Racing Thriving Freezing Surviving

No plan survives contact with racing…

The Road to Kona 2016 ended up being more of a winding path with a dead end.

 

Back in October when I was on the verge of starting my quest for Kona points to try and qualify for 2016 I was full of confidence and excitement. I never doubted it would be difficult, but I felt sure that I had a solid plan and a good chance. Thorsten Radde (www.trirating.com) and I had numerous conversations about what would be required and I at least had a far better understanding of the process than in 2015.

My first 70.3 in Turkey went really well (3rd place) – but shortly after I suffered the first of my setbacks in Malaysia. A lack of time to acclimatise and an uber hot day resulted in me overheating and being unable to finish. I was gutted. An opportunity to race Bahrain Middle East Champs 70.3 just a few weeks later gave me a second chance and a 5th place finish there meant I went into an off season “pause” with a good number of points under my belt.

After a few weeks off over Christmas I got straight back into a solid training block leading up to my first race in early May. I knew I was in really good shape – so I was disappointed when I kicked off with a poor performance in Pays D’Aix.

Cold air temperatures and howling wind meant the race organiser took the (right) decision to cancel the swim and make Pays D’Aix a duathlon. We were set off at 1 min intervals on the bike in a time trial start.  I knew from about 5km in that I was not going to have a good day. My legs felt heavy and were tiring really quickly. I worked as hard as I could, but I was way off the pace. Getting off the bike I was greeted by reasonable run legs which was a bit of a surprise. Lack of power output on the bike meant I was quite fresh still. I put together a pretty good run and enjoyed the beautiful run route. Pays D’Aix was a fabulous race and one I would definitely do again (as long as there is a swim!). Probably the best part of the whole weekend was being supported by my brother and his fiancée who made the long trip from Geneva to watch Mark and I race. I was never doing this race for points and there were lots of positives to take away from it.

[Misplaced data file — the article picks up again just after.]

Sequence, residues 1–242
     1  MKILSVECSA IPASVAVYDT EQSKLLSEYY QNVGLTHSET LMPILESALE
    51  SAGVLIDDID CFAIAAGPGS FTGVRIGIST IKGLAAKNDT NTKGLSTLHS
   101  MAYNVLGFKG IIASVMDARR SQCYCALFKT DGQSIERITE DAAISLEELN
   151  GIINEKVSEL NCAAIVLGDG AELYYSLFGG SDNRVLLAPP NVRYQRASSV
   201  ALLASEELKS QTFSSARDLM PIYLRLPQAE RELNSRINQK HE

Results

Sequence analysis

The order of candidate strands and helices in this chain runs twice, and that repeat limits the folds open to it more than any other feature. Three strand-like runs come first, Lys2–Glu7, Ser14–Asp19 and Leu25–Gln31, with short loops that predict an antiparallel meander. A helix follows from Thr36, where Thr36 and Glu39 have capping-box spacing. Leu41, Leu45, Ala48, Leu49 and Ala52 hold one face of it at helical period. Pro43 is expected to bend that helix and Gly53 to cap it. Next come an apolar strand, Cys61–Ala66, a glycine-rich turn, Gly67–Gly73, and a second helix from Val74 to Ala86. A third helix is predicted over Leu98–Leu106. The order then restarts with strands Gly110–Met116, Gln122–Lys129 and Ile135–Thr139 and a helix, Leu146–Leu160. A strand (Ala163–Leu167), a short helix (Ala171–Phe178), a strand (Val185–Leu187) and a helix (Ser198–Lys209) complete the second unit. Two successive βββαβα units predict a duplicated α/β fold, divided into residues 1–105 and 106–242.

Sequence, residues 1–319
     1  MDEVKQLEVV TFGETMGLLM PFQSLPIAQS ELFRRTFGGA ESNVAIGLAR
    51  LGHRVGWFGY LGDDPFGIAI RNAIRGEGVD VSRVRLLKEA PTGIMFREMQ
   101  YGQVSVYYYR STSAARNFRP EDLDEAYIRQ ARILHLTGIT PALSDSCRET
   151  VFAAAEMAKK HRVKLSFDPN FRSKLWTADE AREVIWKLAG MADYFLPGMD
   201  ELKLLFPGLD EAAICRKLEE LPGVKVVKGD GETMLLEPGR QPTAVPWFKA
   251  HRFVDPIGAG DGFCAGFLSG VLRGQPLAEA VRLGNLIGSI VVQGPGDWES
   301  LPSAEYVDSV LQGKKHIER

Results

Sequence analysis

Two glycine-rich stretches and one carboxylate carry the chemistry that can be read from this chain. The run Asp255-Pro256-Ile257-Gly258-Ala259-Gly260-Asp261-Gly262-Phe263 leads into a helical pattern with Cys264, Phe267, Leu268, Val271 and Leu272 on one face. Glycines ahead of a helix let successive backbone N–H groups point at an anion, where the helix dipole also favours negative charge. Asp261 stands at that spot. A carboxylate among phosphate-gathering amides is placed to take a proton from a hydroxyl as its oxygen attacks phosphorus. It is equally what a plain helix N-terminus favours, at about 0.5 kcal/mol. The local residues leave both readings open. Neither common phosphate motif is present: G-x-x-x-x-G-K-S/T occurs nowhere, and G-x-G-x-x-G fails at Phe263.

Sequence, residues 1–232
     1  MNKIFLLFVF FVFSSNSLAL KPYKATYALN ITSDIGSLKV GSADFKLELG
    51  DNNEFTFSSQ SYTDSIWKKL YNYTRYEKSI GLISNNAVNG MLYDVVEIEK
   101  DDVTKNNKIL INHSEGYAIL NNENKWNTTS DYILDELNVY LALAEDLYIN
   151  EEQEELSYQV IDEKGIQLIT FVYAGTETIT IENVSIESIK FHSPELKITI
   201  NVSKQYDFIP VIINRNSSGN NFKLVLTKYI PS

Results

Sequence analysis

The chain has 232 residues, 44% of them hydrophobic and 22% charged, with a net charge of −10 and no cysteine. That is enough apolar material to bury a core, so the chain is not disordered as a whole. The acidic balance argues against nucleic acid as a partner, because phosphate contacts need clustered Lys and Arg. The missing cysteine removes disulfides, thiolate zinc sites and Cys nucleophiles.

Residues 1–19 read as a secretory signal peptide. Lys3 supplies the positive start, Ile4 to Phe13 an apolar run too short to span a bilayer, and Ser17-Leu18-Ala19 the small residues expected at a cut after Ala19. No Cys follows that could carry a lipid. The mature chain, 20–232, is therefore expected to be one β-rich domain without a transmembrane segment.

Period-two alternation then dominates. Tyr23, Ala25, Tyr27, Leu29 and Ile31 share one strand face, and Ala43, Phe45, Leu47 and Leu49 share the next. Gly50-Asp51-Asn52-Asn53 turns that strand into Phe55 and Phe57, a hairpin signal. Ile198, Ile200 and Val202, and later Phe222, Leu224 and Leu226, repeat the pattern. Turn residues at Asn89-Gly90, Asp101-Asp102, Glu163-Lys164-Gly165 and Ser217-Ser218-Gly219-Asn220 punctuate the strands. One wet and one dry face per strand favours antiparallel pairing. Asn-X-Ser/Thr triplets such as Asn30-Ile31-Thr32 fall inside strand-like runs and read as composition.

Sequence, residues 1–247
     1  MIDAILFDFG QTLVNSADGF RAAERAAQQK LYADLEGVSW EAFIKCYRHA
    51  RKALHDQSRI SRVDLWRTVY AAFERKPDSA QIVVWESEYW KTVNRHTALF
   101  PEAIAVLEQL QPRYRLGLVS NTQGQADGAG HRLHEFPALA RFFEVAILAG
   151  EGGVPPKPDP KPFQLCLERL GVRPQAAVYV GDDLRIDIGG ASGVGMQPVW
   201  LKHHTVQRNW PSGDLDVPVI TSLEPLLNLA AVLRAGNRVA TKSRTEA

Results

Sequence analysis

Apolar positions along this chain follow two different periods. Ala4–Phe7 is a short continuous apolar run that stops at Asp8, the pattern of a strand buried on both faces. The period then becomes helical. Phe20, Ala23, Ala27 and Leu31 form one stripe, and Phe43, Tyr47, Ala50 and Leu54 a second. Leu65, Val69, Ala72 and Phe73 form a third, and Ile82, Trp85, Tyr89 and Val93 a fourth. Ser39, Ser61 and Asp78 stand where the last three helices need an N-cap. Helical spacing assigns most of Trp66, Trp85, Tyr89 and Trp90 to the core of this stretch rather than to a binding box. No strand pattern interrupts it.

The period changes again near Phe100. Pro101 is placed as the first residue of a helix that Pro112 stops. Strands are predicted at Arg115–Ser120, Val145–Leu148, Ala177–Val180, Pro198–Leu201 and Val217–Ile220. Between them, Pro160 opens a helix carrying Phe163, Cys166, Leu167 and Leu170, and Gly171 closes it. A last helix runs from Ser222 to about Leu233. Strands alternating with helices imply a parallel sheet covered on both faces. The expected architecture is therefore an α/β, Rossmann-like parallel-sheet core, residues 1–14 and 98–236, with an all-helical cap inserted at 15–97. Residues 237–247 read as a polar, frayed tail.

Three weeks later I was on the start line of Ironman Lanzarote. I loved racing there in 2015, and it made sense to go back to a course that suited me like this one. The team who organise the race are so welcoming and it is a great course. A couple of days prior to the race I was out for a jog and ran past the finish line. I had such an overwhelming feeling of positivity that I was sure I was going to have a great day.  In the end I had a pretty good race – but without the result that I needed. The swim was one of the worst for violence that I have ever experienced. It was a beach start for everyone and the PROs were given no time gap – we were just put at the front of the pack of rabid dogs / age group men! (Mark included). That resulted in a whole hour of being beaten up from all angles and swallowing most of the ocean. Really not my idea of fun. I had a really good bike, a significant improvement from the year before, but it just wasn’t enough for that day. Unfortunately the amount of sea water I had swallowed resulted in an upset stomach and nausea on the bike and I skimped on nutrition. This caught up with me on the run and I was not able to execute the marathon I had the year before. Still, 5th place was not too shabby and there were some excellent performances from the other PRO ladies.